• A "token" is a term used in NLP to refer to a value which is discrete, that is, the number of values it can take is finite, normally small. In your case, the different values that a card token can take is 19. Usually, we refer to tokens by the index they occupy in the list of all possible values.

  • In order to represent discrete values in neural networks, we normally represent each different value as a fixed-size vector.

  • An embedding table is just a table with the fixed-size vectors used to represent your discrete elements. The embedding layer is normally the first in the network architecture. It receives as inputs token indexes and outputs their associated vectors. The entries of the embedding table are updated during the backpropagation process.

  • You don't "concatenate an MLP with a convolutional network", you concatenate their outputs. Specifically, once the output of the last convolutional layer is computed, you normally "flatten" it, meaning you remove the spatial information and just place the output tensor elements in a single-dimension vector. That vector is what you concatenate with the output of the MLP, which is also a single-dimension vector (apart from the minibatch dimension).

  • $\begingroup$ How should I concatenate a MLP with a convolutional neural network? Also I don't really understand your answer to my second question as I don't know what you mean by tokens and what an embedding layer is. Could you provide some resources from which I can learn such methods of incorporating non-spatial information into convolutional neural netowoks? $\endgroup$
    – Hey Hey
    Nov 16, 2020 at 20:39
  • $\begingroup$ I added some clarifications. Hope they help. $\endgroup$
    – noe
    Nov 16, 2020 at 21:12
  • $\begingroup$ Thank you. That clarified a lot. But I still am curious about how to concatenate two output vectors? I feel like averaging the output vectors of both networks isn't the right thing to do since both networks only have part of the information of the game. Also should I nomalize the card indexes against 19 (card_index / 19)? $\endgroup$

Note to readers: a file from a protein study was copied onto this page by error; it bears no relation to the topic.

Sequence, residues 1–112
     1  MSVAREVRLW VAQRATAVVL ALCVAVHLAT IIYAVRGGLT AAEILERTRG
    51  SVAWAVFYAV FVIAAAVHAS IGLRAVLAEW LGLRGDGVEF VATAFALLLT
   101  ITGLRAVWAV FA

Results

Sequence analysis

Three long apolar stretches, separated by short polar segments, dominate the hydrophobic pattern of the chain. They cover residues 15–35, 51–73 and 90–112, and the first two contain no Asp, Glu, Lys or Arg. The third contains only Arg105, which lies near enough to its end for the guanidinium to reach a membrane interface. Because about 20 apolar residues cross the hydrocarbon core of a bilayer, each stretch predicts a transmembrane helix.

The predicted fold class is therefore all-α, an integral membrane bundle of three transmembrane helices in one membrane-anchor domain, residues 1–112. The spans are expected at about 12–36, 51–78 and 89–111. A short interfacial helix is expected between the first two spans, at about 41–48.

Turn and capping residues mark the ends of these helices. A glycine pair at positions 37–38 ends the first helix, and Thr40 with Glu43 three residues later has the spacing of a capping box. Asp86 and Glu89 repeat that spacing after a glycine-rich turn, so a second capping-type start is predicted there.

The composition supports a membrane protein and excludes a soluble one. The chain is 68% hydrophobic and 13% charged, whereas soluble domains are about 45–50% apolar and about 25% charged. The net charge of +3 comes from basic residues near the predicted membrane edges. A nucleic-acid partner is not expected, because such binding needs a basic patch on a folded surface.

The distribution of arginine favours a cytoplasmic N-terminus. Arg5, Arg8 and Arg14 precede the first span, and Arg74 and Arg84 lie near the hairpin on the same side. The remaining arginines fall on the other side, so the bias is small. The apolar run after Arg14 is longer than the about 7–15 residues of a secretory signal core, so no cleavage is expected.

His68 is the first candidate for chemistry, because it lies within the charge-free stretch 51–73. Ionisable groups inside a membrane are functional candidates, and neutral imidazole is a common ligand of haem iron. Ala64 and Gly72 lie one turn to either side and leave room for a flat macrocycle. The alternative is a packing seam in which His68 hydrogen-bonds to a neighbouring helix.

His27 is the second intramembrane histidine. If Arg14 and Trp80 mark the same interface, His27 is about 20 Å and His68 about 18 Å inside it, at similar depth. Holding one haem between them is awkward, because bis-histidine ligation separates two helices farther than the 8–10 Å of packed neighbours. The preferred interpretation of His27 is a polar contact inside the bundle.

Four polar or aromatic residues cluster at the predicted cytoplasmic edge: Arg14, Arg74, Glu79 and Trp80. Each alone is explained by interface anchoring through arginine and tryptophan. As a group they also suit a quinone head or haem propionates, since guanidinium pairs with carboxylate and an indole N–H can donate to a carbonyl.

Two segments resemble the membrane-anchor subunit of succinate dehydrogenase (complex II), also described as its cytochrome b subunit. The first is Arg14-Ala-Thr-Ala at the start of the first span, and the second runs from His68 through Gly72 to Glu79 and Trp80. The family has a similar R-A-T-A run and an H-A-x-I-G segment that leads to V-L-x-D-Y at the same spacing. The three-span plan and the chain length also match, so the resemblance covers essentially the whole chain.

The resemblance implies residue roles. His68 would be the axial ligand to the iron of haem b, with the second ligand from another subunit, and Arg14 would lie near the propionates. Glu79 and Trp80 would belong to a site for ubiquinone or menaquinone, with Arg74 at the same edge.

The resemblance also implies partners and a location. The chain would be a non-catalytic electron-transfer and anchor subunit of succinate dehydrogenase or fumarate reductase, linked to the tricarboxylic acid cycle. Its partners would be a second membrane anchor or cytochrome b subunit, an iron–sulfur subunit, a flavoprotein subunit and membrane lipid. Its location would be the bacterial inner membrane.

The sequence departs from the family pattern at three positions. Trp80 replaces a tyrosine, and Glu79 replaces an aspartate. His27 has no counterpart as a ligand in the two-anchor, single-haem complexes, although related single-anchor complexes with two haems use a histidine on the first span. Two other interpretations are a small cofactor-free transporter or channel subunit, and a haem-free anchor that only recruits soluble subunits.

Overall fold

– Hey Hey
    Nov 17, 2020 at 11:39
  • $\begingroup$ To concatenate two vectors, you just put them together one next to the other, forming a new vector that has as dimensionality the sum of the original vectors' dimensionalities, e.g. $concat([3.0,2.1,67.0], [0.1, -2.5]) = [3.0,2.1,67.0,0.1, -2.5]$. The card indexes must not be normalized; we want the discrete indexes to be used to index the embedding table, not floating point numbers. $\endgroup$
    – noe
    Nov 17, 2020 at 14:22
  • $\begingroup$ My conv network outputs move probabilities (one hot encoding), so I don't think concatenating the probabilities would be useful, since there is a probability for each action a player can make. $\endgroup$
    – Hey Hey
    Nov 17, 2020 at 15:03

Your Answer

By clicking “Post Your Answer”, you agree to our terms of service and acknowledge that you have read and understand our privacy policy and code of conduct.

Not the answer you're looking for? Browse other questions tagged or ask your own question.